Ios grand central dispatch cancel
What Sets Them Apart
An operation is ready when every dependency has finished executing. This is another important benefit if you want to monitor the state of an operation or operation queue.
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Operations can be paused, resumed, and cancelled. Once you dispatch a task using Grand Central Dispatch, you no longer have control or insight into the execution of that task. The NSOperationQueue also adds a number of benefits to the mix. For example, you can specify the maximum number of queued operations that can run simultaneously.
This makes it easy to control how many operations run at the same time or to create a serial operation queue. In general, Apple advises developers to use the highest level of abstraction that is available. But why does Apple advise developers to use the highest level of abstraction? With every release, Apple tweaks and optimizes the frameworks and libraries that power the operating system. This usually involves changes affecting low er -level APIs.
grand central dispatch - How to stop a DispatchWorkItem in GCD? - Stack Overflow
But when do you use which technology? You can use Grand Central Dispatch whenever and wherever you like. You could, for example, use an NSOperation subclass to encapsulate the login sequence of an application. Dependency management is the icing on the cake.
Ultimate Grand Central Dispatch tutorial in Swift
So executing a task on a background queue and updating the UI on the main queue after the task finished is a pretty easy one using Dispatch queues. There is no big difference between sync and async methods on a queue. Sync is just an async call with a semaphore explained later that waits for the return value. A sync call will block, on the other hand an async call will immediately return. Basically if you need a return value use sync, but in every other case just go with async.
Oh, by the way it's just for debugging purpose, but you can return the name of the current queue by using this little extension. Do not use in production code!!! DispatchWorkItem encapsulates work that can be performed. A work item can be dispatched onto a DispatchQueue and within a DispatchGroup. So you just like with operations by using a work item you can cancel a running task. Also work items can notify a queue when their task is completed.
When to Use Which
So you need to perform multiple network calls in order to construct the data required by a view controller? This is where DispatchGroup can help you. All of your long running background task can be executed concurrently, when everything is ready you'll receive a notification. Just be careful you have to use thread-safe data structures, so always modify arrays for example on the same thread!
Note that you always have to balance out the enter and leave calls on the group. The dispatch group also allows us to track the completion of different work items, even if they run on different queues. One more thing that you can use dispatch groups for: It might happens that the work is done faster than you'd expect and the indicator animation could not finish. To solve this situation you can add a small delay task so the group will wait until both of the tasks finish.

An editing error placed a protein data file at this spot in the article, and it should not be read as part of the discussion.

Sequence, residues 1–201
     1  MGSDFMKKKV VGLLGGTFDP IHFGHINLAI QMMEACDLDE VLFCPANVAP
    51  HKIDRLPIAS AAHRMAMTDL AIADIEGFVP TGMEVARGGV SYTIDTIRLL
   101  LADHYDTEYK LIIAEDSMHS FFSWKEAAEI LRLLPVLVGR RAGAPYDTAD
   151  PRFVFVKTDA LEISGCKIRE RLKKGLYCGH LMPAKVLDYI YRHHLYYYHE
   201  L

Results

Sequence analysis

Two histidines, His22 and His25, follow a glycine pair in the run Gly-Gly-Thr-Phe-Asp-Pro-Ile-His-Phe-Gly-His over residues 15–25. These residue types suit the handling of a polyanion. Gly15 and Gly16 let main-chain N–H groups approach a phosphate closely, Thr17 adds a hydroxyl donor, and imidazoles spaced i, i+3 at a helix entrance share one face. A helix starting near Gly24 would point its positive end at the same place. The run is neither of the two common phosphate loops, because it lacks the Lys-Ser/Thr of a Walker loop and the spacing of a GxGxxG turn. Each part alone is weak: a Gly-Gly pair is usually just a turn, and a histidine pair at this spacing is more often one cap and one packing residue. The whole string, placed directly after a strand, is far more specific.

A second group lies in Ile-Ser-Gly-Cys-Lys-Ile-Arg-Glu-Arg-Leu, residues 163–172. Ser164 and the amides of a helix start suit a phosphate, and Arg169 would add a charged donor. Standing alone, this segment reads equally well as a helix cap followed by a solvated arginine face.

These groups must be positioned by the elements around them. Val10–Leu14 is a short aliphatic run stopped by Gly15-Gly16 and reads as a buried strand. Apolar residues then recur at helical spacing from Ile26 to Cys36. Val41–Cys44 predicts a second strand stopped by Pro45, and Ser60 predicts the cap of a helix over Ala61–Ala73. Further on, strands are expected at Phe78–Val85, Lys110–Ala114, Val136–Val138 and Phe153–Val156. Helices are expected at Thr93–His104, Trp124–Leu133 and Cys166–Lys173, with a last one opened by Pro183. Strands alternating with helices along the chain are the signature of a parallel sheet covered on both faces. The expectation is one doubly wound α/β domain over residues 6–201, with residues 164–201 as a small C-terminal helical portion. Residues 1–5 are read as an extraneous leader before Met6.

A semaphore is simply a variable used to handle resource sharing in a concurrent system. It's a really powerful object, here are a few important examples in Swift. If you want to avoid race condition you are probably going to use mutual exclusion. This could be achieved using a semaphore object, but if your object needs heavy reading capability you should consider a dispatch barrier based solution.
Just like with dispatch groups, you can also use a semaphore object to get notified if multiple tasks are finished. You just have to wait for it You can create a thread pool like behavior to simulate limited resources using a dispatch semaphore. So for example if you want to download lots of images from a server you can run a batch of x every time.
Quite handy. A dispatch source is a fundamental data type that coordinates the processing of specific low-level system events. Signals, descriptors, processes, ports, timers and many more. Everything is handled through the dispatch source object. I really don't want to get into the details, it's quite low-level stuff. You can monitor files, ports, signals with dispatch sources. Please just read the offical Apple docs.
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I'd like to make only one example here using a dispatch source timer. Thread safety is an inevitable topic if it comes to multi-threaded code. In the beginning I mentioned that there is a thread pool under the hood of GCD. Every thread has a run loop object associated with it, you can even run them by hand.
If you create a thread manually a run loop will be added to that thread automatically. A GCD queue is not a thread, if you run multiple async operations on a concurrent queue your code can run on any available thread that fits the needs. My 1 follower, The Bao , said. I have learned it and saw some tutorial but these do not explain good enough about advanced GCD.
However, I will cover the fundamental first. Imagine you are an iOS developer at Snapchat. The first part deals with flipping the image. The second networking with the server. Here comes our savior, Grand Central Dispatch. If I were to explain the concept to a 6-year old, GCD gives you iPhone the ability to text your friend main while taking a poop background with a couple lines of code. GCD is a magic.